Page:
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Monday, 9 September 2019

The Unhealthiest Frozen Foods You Should Never Have in Your Freezer

The frozen foods section in your grocery store is a constant in an ever-changing world.  Whether your current state is best summed up in a TV dinner for one or in a family size bag of pizza rolls, that brightly lit, air-conditioned aisle is there for you just like it always has been.  Unfortunately, it’s also home to some of the unhealthiest foods in the store.  Empty your freezer of these particularly egregious offenders along and you’ll have that much more room in there for the good stuff — and no, that doesn’t only mean ice cream.

  • Serving size: one sandwich
  • Calories per serving: 240
  • Worst stat: 115 mg (38% DV) cholesterol
If something has ‘flatbread’ in its name, it’s healthy, right? Wrong. So wrong. At only 240 calories, this little whopper nonetheless manages to pack in over a third of your daily recommended cholesterol and nearly as high a fraction of your daily sodium with 820 mg.

  • Serving size: one bowl
  • Calories per serving: 410
  • Worst stat: 340 mg (115% DV) cholesterol
This bowl has 24 g of fat, including 10 from saturated fat, and 1230 mg of sodium. With the growing number of healthy options out there, there’s simply no reason to make unhealthy choices. Do yourself a favor and go with a breakfast that doesn’t give you all of today’s — and some of tomorrow’s — cholesterol.

  • Serving size: two slices
  • Calories per serving: 220
  • Worst stat: <1 g fiber
If you want a quick and easy breakfast for your kids — or, let’s face it, for yourself — don’t turn to this toaster classic. While their 500 mg of sodium and 15 g of sugar is bad enough, what’s worse is what these frozen slices don’t have: enough fiber or protein (4 g) to jumpstart anyone’s day.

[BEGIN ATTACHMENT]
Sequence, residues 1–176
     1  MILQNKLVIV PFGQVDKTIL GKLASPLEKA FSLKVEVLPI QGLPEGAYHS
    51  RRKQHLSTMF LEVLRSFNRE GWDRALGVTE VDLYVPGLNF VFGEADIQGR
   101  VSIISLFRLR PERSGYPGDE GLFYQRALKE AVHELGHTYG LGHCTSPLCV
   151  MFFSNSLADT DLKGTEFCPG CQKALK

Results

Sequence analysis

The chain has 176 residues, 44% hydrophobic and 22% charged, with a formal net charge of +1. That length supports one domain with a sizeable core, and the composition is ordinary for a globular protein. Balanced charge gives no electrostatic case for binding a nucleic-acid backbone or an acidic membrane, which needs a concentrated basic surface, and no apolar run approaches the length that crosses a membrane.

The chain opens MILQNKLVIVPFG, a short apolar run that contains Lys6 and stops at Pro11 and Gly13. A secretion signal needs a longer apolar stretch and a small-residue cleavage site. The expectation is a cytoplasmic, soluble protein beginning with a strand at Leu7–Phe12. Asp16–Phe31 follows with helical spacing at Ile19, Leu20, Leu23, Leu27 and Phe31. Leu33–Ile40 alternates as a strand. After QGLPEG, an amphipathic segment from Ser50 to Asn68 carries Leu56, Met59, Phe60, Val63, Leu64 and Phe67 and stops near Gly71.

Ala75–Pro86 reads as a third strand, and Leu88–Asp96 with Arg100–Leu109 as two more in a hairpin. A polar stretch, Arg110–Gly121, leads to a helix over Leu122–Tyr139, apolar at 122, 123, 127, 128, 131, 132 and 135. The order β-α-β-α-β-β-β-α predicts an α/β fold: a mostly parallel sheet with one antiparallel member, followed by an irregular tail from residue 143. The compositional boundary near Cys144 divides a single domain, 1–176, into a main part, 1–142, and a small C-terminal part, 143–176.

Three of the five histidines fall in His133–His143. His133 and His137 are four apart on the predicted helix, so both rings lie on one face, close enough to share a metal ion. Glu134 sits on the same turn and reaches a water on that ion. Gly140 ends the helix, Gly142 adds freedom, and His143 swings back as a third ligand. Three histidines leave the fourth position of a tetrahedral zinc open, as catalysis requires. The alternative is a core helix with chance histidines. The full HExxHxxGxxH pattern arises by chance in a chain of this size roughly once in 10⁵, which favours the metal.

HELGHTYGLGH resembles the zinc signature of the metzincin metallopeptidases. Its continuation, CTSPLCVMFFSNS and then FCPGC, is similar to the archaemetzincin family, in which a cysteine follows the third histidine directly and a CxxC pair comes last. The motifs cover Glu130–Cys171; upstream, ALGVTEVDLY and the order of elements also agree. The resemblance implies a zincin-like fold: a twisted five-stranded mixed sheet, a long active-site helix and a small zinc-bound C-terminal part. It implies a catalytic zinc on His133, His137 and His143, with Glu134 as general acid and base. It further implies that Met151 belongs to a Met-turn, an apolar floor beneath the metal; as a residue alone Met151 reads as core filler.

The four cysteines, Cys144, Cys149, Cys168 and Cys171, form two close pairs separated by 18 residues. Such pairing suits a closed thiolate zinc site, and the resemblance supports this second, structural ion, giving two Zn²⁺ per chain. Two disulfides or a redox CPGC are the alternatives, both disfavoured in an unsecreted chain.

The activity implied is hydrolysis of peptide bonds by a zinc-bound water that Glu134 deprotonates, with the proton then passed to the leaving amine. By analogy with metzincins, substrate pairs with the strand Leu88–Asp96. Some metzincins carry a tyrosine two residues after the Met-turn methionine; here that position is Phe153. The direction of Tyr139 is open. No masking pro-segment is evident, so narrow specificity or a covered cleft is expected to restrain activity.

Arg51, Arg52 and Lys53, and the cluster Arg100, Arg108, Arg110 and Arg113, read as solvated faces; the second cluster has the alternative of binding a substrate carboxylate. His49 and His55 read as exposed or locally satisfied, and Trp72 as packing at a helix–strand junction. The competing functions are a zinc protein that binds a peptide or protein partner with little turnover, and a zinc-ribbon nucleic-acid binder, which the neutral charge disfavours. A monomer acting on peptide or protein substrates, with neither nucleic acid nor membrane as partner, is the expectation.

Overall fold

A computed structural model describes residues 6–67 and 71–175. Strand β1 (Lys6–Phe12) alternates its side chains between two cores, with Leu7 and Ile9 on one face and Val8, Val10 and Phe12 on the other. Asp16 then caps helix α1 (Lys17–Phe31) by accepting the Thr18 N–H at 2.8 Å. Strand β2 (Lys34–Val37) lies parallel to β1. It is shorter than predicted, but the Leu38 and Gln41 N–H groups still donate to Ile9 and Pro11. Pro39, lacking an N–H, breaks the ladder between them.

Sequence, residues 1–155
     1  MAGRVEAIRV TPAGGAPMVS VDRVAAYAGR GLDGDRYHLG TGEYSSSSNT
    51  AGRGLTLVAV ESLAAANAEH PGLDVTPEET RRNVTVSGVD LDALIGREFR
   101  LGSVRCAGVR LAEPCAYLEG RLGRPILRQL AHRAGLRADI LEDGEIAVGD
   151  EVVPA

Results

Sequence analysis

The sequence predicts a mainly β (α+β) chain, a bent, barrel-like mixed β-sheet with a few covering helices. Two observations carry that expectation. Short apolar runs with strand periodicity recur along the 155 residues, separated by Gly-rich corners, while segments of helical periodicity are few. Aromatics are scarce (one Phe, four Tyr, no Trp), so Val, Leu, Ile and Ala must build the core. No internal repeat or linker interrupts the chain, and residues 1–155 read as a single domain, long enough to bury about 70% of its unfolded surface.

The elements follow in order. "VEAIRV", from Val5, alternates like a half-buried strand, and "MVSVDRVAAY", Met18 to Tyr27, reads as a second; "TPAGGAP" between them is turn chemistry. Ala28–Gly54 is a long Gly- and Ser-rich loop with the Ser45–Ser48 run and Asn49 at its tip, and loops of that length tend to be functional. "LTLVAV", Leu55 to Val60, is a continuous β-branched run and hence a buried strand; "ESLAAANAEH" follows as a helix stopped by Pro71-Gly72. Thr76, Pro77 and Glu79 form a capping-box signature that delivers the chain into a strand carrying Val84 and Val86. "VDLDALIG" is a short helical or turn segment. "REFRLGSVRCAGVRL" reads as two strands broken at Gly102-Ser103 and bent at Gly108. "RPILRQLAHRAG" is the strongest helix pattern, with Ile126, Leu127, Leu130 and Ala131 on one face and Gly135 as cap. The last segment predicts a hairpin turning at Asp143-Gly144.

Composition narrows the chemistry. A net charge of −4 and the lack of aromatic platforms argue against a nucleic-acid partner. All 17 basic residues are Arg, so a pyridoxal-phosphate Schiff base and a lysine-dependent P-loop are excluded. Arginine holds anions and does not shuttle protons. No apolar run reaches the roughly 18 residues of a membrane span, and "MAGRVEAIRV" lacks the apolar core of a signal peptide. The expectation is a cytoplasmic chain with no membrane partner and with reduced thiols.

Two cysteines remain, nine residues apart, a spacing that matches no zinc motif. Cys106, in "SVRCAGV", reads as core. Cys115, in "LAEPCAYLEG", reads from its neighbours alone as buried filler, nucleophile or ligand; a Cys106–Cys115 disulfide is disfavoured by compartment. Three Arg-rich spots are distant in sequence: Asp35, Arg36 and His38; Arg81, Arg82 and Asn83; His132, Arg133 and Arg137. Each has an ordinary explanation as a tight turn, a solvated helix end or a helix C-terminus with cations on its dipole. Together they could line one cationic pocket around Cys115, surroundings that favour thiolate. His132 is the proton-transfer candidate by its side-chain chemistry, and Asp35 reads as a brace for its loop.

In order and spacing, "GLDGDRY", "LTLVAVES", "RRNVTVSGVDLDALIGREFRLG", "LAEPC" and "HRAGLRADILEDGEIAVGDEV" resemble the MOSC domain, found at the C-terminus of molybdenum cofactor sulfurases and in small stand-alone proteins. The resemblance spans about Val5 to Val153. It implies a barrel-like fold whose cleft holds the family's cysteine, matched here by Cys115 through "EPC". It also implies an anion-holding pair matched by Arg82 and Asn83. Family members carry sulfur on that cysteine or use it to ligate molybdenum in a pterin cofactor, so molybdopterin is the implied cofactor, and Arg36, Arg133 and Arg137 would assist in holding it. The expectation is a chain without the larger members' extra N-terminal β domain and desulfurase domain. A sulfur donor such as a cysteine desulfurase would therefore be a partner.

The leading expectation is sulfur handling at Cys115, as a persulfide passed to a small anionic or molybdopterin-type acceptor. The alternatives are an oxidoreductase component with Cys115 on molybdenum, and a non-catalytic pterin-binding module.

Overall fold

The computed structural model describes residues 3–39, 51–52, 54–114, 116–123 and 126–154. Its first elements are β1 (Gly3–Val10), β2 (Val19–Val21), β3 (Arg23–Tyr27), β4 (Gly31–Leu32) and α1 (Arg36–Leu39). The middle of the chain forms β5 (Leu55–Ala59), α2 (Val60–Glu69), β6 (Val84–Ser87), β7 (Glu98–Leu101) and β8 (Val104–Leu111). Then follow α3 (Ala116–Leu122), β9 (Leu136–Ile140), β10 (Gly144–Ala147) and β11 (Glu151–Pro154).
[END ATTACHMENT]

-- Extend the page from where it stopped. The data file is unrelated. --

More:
• Serving size: one quiche
  • Calories per serving: 140
  • Worst stat: 200 mg (67% DV) cholesterol

A prime example of why choosing the lowest calorie option can backfire terribly. This frozen quiche manages to pack a nearly impressive amount of cholesterol, saturated fat (20% DV), and sodium (23% DV) into its relatively low 140 calorie count.  On the bright side, it also contains 22% of your daily recommended protein, but that’s too little, too late to redeem this crustless health hazard.

  • Serving size: one sandwich
  • Calories per serving: 270
  • Worst stat: 620 mg (26% DV) sodium
While Lean Pockets are billed as the healthy alternative to the classic Hot Pockets, this particular version is actually worse nutritionally than some of the standard choices.  In addition to way too much sodium, one serving contains 3.5 g of saturated fat, 50 mg of cholesterol, and a single gram of fiber, not to mention 2% or less of your daily recommended amount of vitamins A, C, and iron.

  • Serving size: one sandwich
  • Calories per serving: 210
  • Worst stat: 8 g (17% DV) of added sugars
These may seem tame compared to some of the other offenders on this list, but when you think of a daily lunch go-to for families, there’s just no need for one with such a high amount of added sugar — especially given the prevalence of healthy jams and peanut butters on the market today. 

  • Serving size: one pizza
  • Calories per serving: 400
  • Worst stat: 9 mg (46% DV) saturated fat

With nearly half your daily recommended saturated fat but less than a tenth of your recommended fiber, these personal pizzas are full of so many empty calories. Add in 830 mg sodium and a host of ingredients that are no fun to say and even less fun to eat, and you’ll realize this pie is single for a reason.

  • Serving size: one meal